A brief note on Odúbel Herrera
It would be impossible to preview Adam Haseley and Roman Quinn’s seasons without discussing Odúbel Herrera, as the three of them are competing for time in center field. I personally believe that Herrera no longer deserves a place in Major League Baseball, and I want to make that abundantly clear before I discuss his chances of making the Opening Day roster. For the rest of this article, I’ll be writing about Herrera from strictly a baseball perspective, but as far as I’m concerned, I wish the Phillies would cut ties with him no matter how well he plays.
The next six games will determine Adam Haseley’s fate. In turn, Adam Haseley will determine Roman Quinn’s fate.
It was not so long ago that we had completely written off Haseley’s chances of being the Opening Day center fielder. He suffered a groin strain three games into Spring Training, and the initial reports suggested he’d be out for four weeks and would almost surely miss Opening Day. Shortly thereafter, Odúbel Herrera had a few good games, and it seemed like center field was his to lose.
But Adam Haseley is back. He came in as a mid-game replacement last night, and he’ll be starting in center field today, more than a week ahead of schedule. Meanwhile, Odúbel Herrera has just two hits in his last eighteen plate appearances.
Perhaps we were too quick to presume that Odúbel Herrera would be the starting center fielder. Joe Girardi certainly hasn’t promised him the job, and it’s not like Herrera is blowing anyone away with his performance. He was only the favourite by process of elimination; Adam Haseley was injured, Roman Quinn isn’t a starting-caliber player, Scott Kingery is a mess, and Mickey Moniak is going back to the minor leagues. Now that Haseley is back in the conversation, things are going to get far more interesting.
Can Adam Haseley prove he’s better than Odúbel Herrera and ready for major league action in time to start the season?
Groin strain notwithstanding, Haseley is more deserving of a starting job. In 107 games played over the past two seasons, Haseley has hit a respectable .269/.330/.382 with a .308 wOBA. Those aren’t great numbers, but for a center fielder they’re pretty close to average. Odúbel Herrera, on the other hand, hit just .218/.279/.345 with a .270 wOBA over his last 107 games. That’s really bad.
Odúbel hasn’t done anything this spring to stand out either. He’s had a few home runs, but he’s only slashing .222/.243/.472. Most of the time Spring Training statistics don’t really matter, but in Herrera’s case they absolutely do. Herrera needs to prove himself if he wants to make the roster. He hasn’t played in the majors in almost two years, and the last time he was playing, he was terrible. Plus, in order for him to make the team, somebody else has to be cut. If Herrera doesn’t play very well, why should the Phillies give him a roster spot?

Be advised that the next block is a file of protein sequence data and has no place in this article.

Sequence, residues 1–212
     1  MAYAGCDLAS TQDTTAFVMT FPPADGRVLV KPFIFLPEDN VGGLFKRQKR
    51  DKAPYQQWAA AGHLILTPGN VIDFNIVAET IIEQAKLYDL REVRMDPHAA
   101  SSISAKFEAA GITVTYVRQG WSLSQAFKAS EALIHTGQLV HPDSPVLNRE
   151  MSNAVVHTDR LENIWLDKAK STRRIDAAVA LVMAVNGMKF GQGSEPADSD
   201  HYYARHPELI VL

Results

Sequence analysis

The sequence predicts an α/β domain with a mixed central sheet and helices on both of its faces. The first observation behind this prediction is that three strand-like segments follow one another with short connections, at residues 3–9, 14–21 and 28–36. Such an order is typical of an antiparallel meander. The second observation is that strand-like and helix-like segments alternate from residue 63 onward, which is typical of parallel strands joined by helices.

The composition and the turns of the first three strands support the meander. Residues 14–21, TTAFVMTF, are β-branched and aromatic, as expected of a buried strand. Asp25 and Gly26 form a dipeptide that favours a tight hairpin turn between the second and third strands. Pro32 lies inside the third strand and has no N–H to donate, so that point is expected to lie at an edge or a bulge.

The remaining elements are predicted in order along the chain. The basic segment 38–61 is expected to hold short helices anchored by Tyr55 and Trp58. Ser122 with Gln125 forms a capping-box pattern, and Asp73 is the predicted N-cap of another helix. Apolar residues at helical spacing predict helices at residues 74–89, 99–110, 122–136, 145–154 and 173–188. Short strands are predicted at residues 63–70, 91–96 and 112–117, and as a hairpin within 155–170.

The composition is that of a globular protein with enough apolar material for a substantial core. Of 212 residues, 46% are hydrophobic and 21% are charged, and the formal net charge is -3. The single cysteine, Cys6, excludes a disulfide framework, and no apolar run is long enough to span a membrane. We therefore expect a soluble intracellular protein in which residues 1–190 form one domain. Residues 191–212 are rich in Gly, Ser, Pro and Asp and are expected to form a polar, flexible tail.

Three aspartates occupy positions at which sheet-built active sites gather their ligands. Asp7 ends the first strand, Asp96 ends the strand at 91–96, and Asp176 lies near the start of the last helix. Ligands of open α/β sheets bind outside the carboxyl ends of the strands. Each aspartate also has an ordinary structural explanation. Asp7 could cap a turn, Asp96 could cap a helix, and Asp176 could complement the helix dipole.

However, Herrera does have one advantage over Haseley: he’s perfectly healthy and ready to start the season. If Haseley isn’t ready come April 1st, and if Herrera is named the Opening Day center fielder, it will be a little harder for Haseley to take over later on. As soon as Herrera is added to the forty-man roster, he’ll no longer have his roster status working against him. Plus, if he plays half decently, he’ll just get to keep playing. Why would Joe Girardi want to mess with something that’s working?
Thus, the next six games will determine Adam Haseley’s fate.
And what, then, of Roman Quinn?
If Haseley is the primary center fielder, Roman Quinn’s roster spot is safe. For one thing, Haseley and Quinn make a good platoon; Quinn has struggled to hit right-handed pitching and Haseley has struggled to hit left-handed pitching. Haseley’s career wOBA vs. RHP is .319 and Quinn’s career wOBA vs. LHP is .328. Over the past few seasons, league-average wOBA for CFs has been about .315. If Haseley were to face mostly RHP and Quinn were to face mostly LHP, they could put up league-average offense for center field.
Quinn will also be a valuable bench player when Haseley is starting. He’s probably the team’s best pinch-hitting option against LHP, and he’ll be a great defensive replacement for Andrew McCutchen.
However, if Adam Hasley is relegated to the bench, Roman Quinn is in trouble. Haseley and Quinn fill essentially the same niche, but Adam Haseley fills it a little better. Haseley is the stronger offensive player, and while his defense isn’t as good as Quinn’s, he’s still a solid defensive replacement for McCutchen in left field. Haseley also has time to grow, whereas Quinn is probably a finished product at this point. If Adam Haseley is the fourth outfielder, there might not be room on the bench for Roman Quinn.
So how could things go right for Adam Haseley and Roman Quinn this season?
Haseley needs to prove he’s healthy and outplay Odúbel Herrera over the next week. If that happens, he and Roman Quinn should be the primary center fielders to start the season. We can probably count on them to be roughly league-average, or at least close to league-average. As the eight-hole hitters in the Phillies lineup, that’s all they really need to do.
And how could things go wrong for them?
If they do win the job out of Spring Training, their hold on the position will be tenuous. Scott Kingery, Mickey Moniak, and Odúbel Herrera all have higher upside and could steal the job away at any time. Adam Haseley could find himself on the bench and Roman Quinn could find himself on another team by midseason.